Compare any two graphics cards:
GeForce GTX 275 vs Radeon RX 460
IntroThe GeForce GTX 275 features a clock speed of 633 MHz and a GDDR3 memory frequency of 1134 MHz. It also uses a 448-bit bus, and makes use of a 55 nm design. It is made up of 240 SPUs, 80 TAUs, and 28 Raster Operation Units.
Compare those specifications to the Radeon RX 460, which has a core clock speed of 1090 MHz and a GDDR5 memory frequency of 1750 MHz. It also makes use of a 128-bit bus, and uses a 14 nm design. It is comprised of 896 SPUs, 56 Texture Address Units, and 16 ROPs.
Power Usage and Theoretical Benchmarks
Power Consumption (Max TDP)
The GeForce GTX 275 should in theory perform a little bit faster than the Radeon RX 460 in general. (explain)
Texel RateThe Radeon RX 460 should be quite a bit (more or less 21%) more effective at anisotropic filtering than the GeForce GTX 275. (explain)
Pixel RateThe GeForce GTX 275 is a bit (more or less 2%) faster with regards to full screen anti-aliasing than the Radeon RX 460, and also will be able to handle higher resolutions better. (explain)
Please note that the above 'benchmarks' are all just theoretical - the results were calculated based on the card's specifications, and real-world performance may (and probably will) vary at least a bit.
GeForce GTX 275
Radeon RX 460
Memory Bandwidth: Bandwidth is the max amount of information (counted in megabytes per second) that can be moved across the external memory interface in a second. The number is calculated by multiplying the card's bus width by its memory speed. If it uses DDR type memory, it should be multiplied by 2 again. If DDR5, multiply by 4 instead. The higher the bandwidth is, the better the card will be in general. It especially helps with AA, High Dynamic Range and high resolutions.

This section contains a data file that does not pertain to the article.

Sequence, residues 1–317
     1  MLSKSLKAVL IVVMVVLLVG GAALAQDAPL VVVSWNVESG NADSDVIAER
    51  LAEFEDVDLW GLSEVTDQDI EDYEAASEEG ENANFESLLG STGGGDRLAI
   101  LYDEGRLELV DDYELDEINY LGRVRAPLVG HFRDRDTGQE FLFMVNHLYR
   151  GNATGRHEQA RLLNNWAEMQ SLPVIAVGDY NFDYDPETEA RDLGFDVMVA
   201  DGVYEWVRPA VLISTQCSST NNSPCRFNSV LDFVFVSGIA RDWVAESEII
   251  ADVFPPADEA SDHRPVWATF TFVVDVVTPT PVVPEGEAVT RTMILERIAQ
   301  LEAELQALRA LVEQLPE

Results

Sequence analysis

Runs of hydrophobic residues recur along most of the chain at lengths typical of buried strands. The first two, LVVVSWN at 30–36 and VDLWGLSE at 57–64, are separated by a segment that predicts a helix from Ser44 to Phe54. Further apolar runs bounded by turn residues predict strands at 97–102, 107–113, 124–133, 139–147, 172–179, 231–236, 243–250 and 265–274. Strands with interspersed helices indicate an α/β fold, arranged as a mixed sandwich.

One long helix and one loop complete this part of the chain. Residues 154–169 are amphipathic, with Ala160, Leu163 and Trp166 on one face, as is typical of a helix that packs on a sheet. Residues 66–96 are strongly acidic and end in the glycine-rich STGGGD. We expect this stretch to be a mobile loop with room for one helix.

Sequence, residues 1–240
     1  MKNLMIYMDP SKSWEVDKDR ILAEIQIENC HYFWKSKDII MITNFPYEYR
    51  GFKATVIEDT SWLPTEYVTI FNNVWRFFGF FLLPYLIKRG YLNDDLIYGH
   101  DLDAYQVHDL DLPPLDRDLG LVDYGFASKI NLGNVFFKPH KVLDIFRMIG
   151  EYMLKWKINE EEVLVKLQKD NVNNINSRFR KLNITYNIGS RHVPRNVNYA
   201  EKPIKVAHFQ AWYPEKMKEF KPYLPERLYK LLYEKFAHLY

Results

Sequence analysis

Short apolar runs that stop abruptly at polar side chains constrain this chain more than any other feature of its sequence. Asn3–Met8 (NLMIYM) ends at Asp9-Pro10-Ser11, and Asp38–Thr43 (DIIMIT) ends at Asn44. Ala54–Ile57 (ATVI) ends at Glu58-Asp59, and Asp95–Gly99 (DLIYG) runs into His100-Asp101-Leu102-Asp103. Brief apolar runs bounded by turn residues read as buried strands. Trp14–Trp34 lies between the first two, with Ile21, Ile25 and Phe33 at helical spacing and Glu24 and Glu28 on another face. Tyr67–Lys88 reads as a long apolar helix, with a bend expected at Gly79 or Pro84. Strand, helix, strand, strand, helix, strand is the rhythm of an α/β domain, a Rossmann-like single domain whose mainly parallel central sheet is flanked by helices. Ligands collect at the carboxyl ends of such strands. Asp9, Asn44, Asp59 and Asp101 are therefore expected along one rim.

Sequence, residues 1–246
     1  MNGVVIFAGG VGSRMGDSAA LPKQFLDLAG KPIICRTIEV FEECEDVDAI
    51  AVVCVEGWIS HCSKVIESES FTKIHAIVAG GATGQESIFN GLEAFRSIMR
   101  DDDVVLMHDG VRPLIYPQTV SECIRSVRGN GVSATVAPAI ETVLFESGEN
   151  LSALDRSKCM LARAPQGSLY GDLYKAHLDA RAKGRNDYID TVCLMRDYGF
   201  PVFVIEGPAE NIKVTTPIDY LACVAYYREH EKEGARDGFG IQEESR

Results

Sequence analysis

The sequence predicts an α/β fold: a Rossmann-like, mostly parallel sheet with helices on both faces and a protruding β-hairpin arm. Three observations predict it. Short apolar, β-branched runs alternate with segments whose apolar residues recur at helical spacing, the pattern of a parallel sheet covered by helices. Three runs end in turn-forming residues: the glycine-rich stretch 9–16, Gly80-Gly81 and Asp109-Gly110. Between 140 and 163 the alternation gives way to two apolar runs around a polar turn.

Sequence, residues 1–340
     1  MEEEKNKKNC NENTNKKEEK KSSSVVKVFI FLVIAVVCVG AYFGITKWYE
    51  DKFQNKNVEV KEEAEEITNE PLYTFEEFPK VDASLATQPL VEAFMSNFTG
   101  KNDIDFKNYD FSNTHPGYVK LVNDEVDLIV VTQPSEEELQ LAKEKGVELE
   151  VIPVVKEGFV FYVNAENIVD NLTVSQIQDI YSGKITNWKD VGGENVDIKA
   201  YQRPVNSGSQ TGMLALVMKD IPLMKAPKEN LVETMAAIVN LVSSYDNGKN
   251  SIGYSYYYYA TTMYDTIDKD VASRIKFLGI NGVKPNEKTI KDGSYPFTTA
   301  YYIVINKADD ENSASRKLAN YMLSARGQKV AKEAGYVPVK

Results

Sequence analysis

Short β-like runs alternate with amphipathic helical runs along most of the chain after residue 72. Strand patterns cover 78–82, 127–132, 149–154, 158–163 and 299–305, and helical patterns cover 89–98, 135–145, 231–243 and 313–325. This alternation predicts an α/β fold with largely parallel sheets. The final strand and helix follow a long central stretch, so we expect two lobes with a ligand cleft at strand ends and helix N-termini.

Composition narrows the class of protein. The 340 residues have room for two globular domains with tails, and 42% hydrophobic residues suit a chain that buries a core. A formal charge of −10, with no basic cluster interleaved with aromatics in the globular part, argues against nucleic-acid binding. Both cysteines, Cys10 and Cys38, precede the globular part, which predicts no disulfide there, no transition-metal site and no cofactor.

Texel Rate: Texel rate is the maximum texture map elements (texels) that can be processed in one second. This number is worked out by multiplying the total number of texture units of the card by the core speed of the chip. The higher this number, the better the graphics card will be at texture filtering (anisotropic filtering - AF). It is measured in millions of texels applied in one second.
Pixel Rate: Pixel rate is the maximum number of pixels the graphics card can possibly write to its local memory in one second - measured in millions of pixels per second. Pixel rate is worked out by multiplying the amount of Raster Operations Pipelines by the the core speed of the card. ROPs (Raster Operations Pipelines - also sometimes called Render Output Units) are responsible for filling the screen with pixels (the image). The actual pixel output rate also depends on quite a few other factors, especially the memory bandwidth of the card - the lower the memory bandwidth is, the lower the potential to reach the maximum fill rate.
GeForce GTX 275
Radeon RX 460